We recognize it. All of us acknowledge it. We see the disintegration of civility on both sides of the debate and we condemn it, universally. But it’s always the other side that’s most shrill, most virulent, most fanatic. Never our side. Never, indeed.
We represent the epitome of decency, the model of humanity to which all our opponents should aspire. Our justification—for it is never simply an excuse—for our near-hysterical denunciation and damnation of our enemies (for that is how we label them, isn’t it?) relies on attributing motives that do not…cannot…would not…would never…apply to us. For we are pure, you see?
Our vitriolic howls are simply protective shields against the savage attacks by beasts with no compunction about tearing into our flesh and eating greedily of our entrails. Unlike them, we civilized, sensitive, quiet souls seek only serenity and peace; unlike them, we do not debase ourselves through name-calling, mockery, baiting, inflammatory rhetoric, and provocation. For we are pure, you see?
Civility is an attribute whose time has come and gone. Like the treasonous opposition—the insane monsters who would imprison our children and force them to reproduce simply for the pleasure of watching their progeny starve—we have witnessed the utter impotence of comity, the inadequacy of cordiality, and the insufficiency of goodwill. We curse the ignorance of people who fail to even try to understand our positions, who eschew the validity of our points of view, yet we see no need to sully ourselves by attempting to put ourselves in their shoes. For we are pure, you see?
Their opinions and beliefs cannot possibly have any validity because, you know, we have dismissed them. And we would never dismiss them out of hand because, you know, we are vastly more intelligent and more discerning than they could ever hope to be. So we justify our abandonment of any attempts to give them credit for intelligent thought. For we are pure, you see?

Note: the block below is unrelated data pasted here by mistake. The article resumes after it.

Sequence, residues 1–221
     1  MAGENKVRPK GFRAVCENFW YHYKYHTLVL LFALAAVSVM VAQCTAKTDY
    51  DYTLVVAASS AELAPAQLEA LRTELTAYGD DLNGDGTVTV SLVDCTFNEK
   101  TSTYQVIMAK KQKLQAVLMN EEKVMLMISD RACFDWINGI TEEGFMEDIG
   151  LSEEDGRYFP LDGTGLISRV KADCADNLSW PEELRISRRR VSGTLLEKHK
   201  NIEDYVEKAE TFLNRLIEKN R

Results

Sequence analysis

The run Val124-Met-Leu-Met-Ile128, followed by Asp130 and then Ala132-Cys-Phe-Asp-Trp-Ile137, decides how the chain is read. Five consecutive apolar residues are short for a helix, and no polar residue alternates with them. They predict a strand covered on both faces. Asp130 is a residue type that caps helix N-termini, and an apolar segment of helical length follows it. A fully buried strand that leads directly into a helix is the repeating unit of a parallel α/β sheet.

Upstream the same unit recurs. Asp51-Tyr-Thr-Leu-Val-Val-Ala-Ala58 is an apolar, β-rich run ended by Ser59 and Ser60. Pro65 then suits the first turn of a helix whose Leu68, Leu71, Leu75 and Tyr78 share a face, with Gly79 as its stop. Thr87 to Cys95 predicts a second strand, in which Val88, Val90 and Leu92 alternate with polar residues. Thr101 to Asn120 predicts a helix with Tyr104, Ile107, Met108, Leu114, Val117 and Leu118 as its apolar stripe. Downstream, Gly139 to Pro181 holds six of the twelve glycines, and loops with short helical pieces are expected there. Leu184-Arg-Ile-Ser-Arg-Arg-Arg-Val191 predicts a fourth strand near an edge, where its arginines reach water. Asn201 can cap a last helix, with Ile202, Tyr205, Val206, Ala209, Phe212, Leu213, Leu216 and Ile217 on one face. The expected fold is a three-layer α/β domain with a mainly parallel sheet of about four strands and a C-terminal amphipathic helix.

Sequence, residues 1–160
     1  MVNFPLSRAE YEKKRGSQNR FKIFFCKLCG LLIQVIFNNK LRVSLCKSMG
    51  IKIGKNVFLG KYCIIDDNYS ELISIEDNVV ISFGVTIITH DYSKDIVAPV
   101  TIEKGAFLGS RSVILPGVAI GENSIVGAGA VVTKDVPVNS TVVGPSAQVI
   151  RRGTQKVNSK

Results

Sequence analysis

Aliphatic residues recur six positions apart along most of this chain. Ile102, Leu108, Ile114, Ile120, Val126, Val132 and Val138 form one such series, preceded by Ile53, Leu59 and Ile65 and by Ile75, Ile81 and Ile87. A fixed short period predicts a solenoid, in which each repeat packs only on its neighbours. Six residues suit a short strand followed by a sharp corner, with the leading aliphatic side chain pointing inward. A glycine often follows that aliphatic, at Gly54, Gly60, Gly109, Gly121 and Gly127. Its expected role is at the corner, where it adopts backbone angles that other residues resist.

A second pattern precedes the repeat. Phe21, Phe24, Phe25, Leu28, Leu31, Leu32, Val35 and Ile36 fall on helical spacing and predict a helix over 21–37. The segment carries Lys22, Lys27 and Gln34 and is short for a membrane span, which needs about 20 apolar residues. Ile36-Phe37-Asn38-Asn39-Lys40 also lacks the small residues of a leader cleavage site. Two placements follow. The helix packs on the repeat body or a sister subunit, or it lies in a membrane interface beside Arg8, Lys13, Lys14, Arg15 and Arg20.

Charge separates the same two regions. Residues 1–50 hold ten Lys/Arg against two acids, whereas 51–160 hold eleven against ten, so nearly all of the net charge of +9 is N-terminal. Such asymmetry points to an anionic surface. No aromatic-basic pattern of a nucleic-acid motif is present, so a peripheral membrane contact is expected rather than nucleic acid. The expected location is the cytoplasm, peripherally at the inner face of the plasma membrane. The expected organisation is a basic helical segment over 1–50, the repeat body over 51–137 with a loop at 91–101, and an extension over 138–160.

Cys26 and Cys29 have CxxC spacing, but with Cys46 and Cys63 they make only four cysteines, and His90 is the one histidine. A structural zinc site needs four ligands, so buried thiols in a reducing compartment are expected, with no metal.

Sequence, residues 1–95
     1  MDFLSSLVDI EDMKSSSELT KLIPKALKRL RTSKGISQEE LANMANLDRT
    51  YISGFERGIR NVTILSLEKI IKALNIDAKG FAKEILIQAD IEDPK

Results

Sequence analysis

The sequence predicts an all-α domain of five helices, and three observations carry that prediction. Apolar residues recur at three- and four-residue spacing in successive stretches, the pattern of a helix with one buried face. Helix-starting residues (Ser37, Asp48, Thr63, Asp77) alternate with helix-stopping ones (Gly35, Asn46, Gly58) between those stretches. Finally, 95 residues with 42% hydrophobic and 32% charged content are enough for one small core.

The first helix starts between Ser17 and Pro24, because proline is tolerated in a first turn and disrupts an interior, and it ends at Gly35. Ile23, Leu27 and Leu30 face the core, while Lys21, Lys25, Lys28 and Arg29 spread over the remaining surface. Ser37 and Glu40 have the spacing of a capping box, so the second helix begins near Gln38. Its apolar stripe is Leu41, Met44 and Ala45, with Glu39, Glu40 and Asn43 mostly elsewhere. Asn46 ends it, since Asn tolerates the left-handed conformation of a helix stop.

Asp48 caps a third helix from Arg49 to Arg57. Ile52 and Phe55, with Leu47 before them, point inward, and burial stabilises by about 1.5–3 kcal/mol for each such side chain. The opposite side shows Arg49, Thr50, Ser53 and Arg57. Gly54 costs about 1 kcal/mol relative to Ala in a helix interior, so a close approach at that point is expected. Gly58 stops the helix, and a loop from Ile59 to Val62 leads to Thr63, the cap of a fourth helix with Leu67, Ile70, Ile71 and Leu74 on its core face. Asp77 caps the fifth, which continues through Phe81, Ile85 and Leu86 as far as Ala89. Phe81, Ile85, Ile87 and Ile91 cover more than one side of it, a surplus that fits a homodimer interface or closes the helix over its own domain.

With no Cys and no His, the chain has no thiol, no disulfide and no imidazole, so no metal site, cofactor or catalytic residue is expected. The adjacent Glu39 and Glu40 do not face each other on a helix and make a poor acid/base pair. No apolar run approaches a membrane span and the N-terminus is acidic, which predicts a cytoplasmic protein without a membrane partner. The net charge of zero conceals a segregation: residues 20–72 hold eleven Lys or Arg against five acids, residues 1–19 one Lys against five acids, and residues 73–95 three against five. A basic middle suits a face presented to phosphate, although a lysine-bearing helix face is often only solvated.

It is impossible to engage in civil conversation when we respond to baiting with baiting, when our reply to name-calling consists of insults, when our rebuttal to mockery is to mock. It is so easy to allow simple wounds to turn into festering, bacteria-ridden lacerations that threaten to infect our souls with hatred and bitterness. It’s so damn hard to behave like the models we claim to adore: Gandhi, Jesus, Martin Luther King, Jr., and others who taught the intrinsic goodness of civility. The arguments that “it’s pointless to try to engage them in conversation” are weak-kneed excuses, but they’re the only excuses we have, really. For we are not really pure, you see? We are the reverse side of the ugly mask, the underbelly of the darkest reptile, the snake poised in the grass, ready to strike at the slightest disturbance of the leaves.
We congratulate ourselves for our humanity and then behave as if we wrote the book on, or served as the model for, savagery in its most hideous form. I have no patience for us. And, yet, if I don’t have patience, don’t I find myself falling into the same abyss and meeting the same fate as those who have no patience with me?
This is a fine essay, John. Love your stuff!